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Small Appliances

The new Instant Pot Max has a canning feature. Is it safe?

The newest model of the popular small appliance will come with a home canning setting. But guidance from the USDA and the makers of Instant Pot warn against using an electric pressure cooker for certain types of canning.

The makers of the Instant Pot debuted their newest model, the Instant Pot Max, last month at the International Home + Housewares Show in Chicago. Company reps said it will be available around May.

Chris Monroe/CNET

Talk to an Instant Pot fanatic, and they'll tell you that this electric pressure cooker can do just about anything -- boil eggs, bake cheesecake, make yogurt and more. And the forthcoming Instant Pot Max, which is slated to be released around May, will add another function to the popular small appliance: canning.

But you might want to hold off before you start to sanitize a pot full of Mason jars. 

Experts say that using the Instant Pot to preserve your own food is much more complicated than just pressing a button on the machine. Guidance from the USDA and even Instant Pot's own website advise against using the electric pressure cooker for some methods of home canning. The biggest concern: It's unclear if the Instant Pot Max and other electric pressure cookers can meet the temperature and pressure levels needed to destroy potentially deadly bacteria inside canned food.

"This is not a cooking function. This is a public health issue," said Elizabeth Andress, the director of the National Center for Home Food Preservation. NCHFP is a research center at the University of Georgia created in partnership with the USDA to make research-based recommendations about home food preservation, including canning (you can read the USDA's guide to home canning here).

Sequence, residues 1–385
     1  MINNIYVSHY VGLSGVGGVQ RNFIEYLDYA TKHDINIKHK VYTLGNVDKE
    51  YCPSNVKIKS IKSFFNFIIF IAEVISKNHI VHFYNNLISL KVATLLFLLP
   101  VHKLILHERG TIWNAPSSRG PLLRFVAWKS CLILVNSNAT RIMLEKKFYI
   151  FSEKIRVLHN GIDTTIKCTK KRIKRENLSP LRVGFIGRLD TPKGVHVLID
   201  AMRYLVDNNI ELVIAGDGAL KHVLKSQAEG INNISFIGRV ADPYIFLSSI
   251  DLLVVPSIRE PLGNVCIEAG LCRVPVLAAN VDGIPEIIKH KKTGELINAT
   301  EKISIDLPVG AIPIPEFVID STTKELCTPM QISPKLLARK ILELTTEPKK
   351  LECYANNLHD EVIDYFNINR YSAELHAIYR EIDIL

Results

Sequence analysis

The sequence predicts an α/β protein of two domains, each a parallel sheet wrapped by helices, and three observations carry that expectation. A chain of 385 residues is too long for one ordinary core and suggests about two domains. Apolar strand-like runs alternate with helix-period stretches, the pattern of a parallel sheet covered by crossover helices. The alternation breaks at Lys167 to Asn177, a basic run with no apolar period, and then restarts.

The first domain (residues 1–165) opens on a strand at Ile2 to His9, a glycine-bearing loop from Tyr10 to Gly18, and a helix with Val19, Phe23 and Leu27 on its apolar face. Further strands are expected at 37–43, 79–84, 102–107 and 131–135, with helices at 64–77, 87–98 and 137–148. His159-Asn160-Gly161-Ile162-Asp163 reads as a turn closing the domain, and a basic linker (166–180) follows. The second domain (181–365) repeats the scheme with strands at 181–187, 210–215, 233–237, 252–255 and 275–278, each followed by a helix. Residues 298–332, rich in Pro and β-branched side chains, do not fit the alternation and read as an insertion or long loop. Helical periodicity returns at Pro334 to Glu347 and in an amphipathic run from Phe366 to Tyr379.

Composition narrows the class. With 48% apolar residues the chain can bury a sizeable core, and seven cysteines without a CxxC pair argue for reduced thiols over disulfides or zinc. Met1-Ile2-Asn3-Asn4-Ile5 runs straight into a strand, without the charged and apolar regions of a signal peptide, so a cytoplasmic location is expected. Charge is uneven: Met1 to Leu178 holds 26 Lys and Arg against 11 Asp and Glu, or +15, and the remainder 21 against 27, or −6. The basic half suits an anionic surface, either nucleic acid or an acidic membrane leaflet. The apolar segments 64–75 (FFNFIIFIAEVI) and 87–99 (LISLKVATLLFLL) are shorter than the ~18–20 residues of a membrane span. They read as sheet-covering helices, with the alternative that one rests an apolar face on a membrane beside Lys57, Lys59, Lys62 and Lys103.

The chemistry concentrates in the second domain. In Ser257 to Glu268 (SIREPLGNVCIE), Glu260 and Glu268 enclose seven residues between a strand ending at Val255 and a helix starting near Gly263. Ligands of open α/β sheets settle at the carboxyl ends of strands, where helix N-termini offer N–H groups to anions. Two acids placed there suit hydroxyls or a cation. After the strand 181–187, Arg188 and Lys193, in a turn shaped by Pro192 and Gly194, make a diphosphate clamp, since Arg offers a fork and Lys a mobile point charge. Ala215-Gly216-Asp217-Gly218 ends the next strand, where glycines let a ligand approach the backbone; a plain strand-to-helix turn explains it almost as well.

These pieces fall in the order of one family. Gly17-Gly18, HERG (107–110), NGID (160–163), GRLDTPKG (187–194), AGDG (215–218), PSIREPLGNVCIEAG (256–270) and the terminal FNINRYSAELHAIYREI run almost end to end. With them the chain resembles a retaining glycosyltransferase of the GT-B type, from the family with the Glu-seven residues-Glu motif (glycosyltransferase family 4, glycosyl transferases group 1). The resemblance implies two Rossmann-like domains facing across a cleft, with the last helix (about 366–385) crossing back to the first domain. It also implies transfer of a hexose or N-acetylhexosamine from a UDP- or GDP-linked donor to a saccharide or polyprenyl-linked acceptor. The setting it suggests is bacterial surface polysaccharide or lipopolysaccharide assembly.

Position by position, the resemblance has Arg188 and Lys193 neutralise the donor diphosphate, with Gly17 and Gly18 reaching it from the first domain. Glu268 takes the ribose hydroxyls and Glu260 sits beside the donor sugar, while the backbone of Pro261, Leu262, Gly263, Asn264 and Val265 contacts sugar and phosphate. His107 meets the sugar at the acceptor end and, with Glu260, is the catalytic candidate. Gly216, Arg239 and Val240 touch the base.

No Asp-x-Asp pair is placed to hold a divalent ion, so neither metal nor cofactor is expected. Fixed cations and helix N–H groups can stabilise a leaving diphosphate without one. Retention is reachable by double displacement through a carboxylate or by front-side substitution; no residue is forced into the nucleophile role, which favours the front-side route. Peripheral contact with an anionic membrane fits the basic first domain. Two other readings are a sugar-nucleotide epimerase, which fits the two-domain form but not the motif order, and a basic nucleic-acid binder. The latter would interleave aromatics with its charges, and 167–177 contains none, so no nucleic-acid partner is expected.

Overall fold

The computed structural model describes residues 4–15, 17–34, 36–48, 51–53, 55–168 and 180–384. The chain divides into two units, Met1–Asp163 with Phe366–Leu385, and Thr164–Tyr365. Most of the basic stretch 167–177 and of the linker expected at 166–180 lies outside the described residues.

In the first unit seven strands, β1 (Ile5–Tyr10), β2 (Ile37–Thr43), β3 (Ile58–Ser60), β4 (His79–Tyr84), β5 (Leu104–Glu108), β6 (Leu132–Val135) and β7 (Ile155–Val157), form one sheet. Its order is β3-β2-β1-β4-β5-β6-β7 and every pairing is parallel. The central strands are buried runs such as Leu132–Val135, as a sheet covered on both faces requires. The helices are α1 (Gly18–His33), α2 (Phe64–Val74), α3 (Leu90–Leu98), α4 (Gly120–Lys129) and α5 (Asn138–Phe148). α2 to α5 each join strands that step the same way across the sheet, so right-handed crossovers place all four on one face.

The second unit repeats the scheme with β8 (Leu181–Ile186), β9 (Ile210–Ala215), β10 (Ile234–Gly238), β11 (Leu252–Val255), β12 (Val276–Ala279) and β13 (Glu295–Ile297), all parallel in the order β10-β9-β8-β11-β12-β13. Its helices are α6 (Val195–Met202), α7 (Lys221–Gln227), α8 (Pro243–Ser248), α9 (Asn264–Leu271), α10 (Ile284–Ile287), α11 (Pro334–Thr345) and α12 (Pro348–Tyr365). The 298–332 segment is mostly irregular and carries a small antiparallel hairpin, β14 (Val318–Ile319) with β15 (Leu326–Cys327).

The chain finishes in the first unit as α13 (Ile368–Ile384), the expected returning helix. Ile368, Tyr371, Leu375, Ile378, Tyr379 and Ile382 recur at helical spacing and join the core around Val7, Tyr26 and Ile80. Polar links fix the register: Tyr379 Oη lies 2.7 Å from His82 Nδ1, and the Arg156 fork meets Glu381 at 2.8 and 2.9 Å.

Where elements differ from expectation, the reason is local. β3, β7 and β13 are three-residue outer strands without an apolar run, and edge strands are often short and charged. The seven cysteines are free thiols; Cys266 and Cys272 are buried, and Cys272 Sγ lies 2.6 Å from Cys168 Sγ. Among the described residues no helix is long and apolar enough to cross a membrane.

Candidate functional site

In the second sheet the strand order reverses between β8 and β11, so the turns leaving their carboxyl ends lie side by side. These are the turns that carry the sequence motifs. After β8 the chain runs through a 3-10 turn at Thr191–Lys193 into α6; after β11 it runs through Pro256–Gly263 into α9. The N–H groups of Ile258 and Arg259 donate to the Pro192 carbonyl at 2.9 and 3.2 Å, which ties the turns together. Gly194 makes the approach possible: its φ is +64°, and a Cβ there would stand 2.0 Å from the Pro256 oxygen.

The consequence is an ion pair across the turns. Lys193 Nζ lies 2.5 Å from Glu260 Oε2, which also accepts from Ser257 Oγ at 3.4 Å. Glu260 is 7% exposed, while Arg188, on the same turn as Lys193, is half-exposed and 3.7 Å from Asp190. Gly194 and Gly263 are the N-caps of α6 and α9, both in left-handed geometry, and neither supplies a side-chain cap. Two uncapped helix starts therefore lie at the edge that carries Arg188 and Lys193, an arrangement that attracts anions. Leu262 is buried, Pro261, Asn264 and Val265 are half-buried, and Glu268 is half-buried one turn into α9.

Read next: How to use your Instant Pot

Canning involves preserving food in sealed, glass jars to extend its shelf life. You have to do a lot of work to kill any bacteria that might naturally exist on the fresh foods you plan to can, including (but not limited to) washing produce, adding acids and processing jars, according to the NCHFP. There are two ways to process jars -- you can either use boiling-water canning for acidic foods like fruits, pickles and sauerkraut, or pressure canning for low-acid foods like fresh vegetables and meat. 

"The way you kill bacteria is the right combination of time and temperature," Andress said. "There's nothing magical about pressure, it's the temperature that matters. And we need pressure to get to a high enough temperature to kill bacterial spores in low-acid foods because they're very heat resistant."

The spores you have to worry about are Clostridium botulinum. This bacterium exists harmlessly in soil. But its spores can grow rapidly and produce a deadly toxin that causes botulism in an environment with the following conditions: within a moist, low-acid food; a temperature between 40 and 120 degrees Fahrenheit; and less than 2 percent oxygen. That means that those low-acid foods that require pressure canning are most at risk for carrying the bacterium. If there's not enough heat and pressure in your cooker (along with the right amount of time), your jar of low-acid food could become a breeding ground for a bacteria that could make people sick -- or even kill them.